Photographing yourself at full-draw to analyze your shooting form – it’s the only “selfie” that’s truly acceptable for bowhunters to take. If you’ve never done it, there’s a lot that you can learn by studying photos of your shooting form. But what, specifically, should you be looking for? What constitutes good form?
Not everyone has to look the exact same way when they’re at full-draw, but there are several things to look out for. Your form is intimately tied to the draw length that you’re shooting. As we have already discussed, shooting a bow with the correct draw length will enable you to shoot with proper form, increase your ability to hold steady on the target, will increase your accuracy. Shooting with an improper draw length will mean that you contort yourself to the bow, and lose both comfort and effectiveness.
Taking the Photo
The best way to analyze your form and draw length is to have someone take full-length photos of you at full-draw. Be sure that these photos are taken at a direct angle, and include your entire body – from head-to-toe. Make sure that you are standing on level ground and holding your bow so that the arrow is level with the plane of the floor. What you don’t want, for example, is to be aiming at a target that’s placed down on the ground, which would force you to have a lean or bend in your form. You want a photo like this…
I am far from being perfect in my shooting form – in fact I am working on some changes right now – but there are several areas that I have improved upon in the last few years. Let’s dissect my photo and look at key indicators of proper draw length and form.
One of the first indicators of an incorrect draw length and misaligned form is posture. You want to be standing straight up when you are at full draw. Your head should be over the center of your body, your neck should be straight, your hips shouldn’t be forward or back, and your body weight should be squarely over your feet.
Draw a straight line down your body and see how everything lines up. As you can see in my photo, I’m mostly straight. I do settle back slightly though, which is something that I could work on further.
2) Release Arm
Your release arm should be in line with the arrow. If you draw a line from the back of the release-arm elbow, through the arm to the release itself, then you should be able to continue that line along the arrow and towards the target. If your release-arm elbow is high in the air, or low behind the shoulder, then you probably need to change your draw length on the bow, where you are coming to anchor, or the way that your release is configured.
Your shoulders should be parallel with the ground (and the path of the arrow), and intersect with your vertical posture to form a perfect “T” shape. One of the most common misalignments that you’ll see are archers that drop or force the front shoulder down, or leave their rear shoulder high in the air.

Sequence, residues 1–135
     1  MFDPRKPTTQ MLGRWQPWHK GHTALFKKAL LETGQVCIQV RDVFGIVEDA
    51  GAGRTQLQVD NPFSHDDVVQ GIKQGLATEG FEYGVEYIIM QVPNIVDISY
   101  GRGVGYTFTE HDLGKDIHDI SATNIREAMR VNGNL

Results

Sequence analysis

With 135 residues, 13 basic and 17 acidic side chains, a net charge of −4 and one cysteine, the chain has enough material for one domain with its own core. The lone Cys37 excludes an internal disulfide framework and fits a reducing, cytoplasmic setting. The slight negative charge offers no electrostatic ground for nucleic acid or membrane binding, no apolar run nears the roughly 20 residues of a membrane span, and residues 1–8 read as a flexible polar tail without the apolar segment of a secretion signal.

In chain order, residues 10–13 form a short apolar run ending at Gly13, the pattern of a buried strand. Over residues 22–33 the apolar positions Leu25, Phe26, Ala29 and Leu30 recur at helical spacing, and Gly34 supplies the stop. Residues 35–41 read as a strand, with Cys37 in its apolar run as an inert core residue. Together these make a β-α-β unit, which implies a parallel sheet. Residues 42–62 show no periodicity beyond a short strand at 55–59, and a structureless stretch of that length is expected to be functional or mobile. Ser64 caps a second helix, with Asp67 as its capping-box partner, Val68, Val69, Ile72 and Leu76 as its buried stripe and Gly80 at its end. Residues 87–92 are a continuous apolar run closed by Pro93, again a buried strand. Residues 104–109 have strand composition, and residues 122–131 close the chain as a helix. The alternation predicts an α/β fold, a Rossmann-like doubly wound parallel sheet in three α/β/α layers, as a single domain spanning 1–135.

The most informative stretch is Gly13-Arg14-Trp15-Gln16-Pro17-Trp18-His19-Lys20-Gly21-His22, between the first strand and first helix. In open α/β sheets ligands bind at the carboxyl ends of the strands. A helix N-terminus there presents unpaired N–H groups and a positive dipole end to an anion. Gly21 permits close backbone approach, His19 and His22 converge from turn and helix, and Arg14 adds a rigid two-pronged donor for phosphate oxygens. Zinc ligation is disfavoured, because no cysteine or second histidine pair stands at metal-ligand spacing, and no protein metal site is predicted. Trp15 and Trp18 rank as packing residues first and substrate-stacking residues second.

4) Bow Arm
The bow arm should be extended, but not locked at the elbow joint. Although my bow arm might appear to be perfectly straight in this photo, I do have a natural, comfortable bend at the joint. You don’t want to fully lock the arm out, and you don’t want a deep bend in the arm – either one will lead to instability while aiming.
5) Nock Position
The most important aspect of how your form is connected to your draw length is analyzing where the nocking point comes to rest on your face. Ideally, you want the end of the arrow shaft (where the arrow shaft meets the nock) directly under your eye. This should also put the point where the nock meets the arrow string under your eye as well.
This is a critical point to analyze, but it can be “cheated”. If you’re contorting your neck, leaning way forward/back in posture, or raising/dropping your shoulders – then you can get good nock position with the wrong draw length and bad form. But, if you’ve followed the first 4 form points, then this 5th point should be true if your bow is set at the proper draw length.
6) Release Arm (Rear)
Another photo angle that can help you diagnose form and draw length is to have someone photograph you from above, or from the rear. What we are looking for in this photo is release-arm alignment with the trajectory of the arrow. If your release arm elbow is back behind the hand and pointing your arm out away from the body, then your draw length is likely too long. On the other hand, if your elbow is out away from your body, and the arm is pointing back in towards the body, then your draw length might be too short. I’m obviously left-handed, so that in mind when analyzing my photo above.
What do you look like?
Now it’s your turn. Have someone take a good photo of you and full-draw and analyze your form according to the points above. You might be surprised what you see!
And as always, let me know if you have any questions…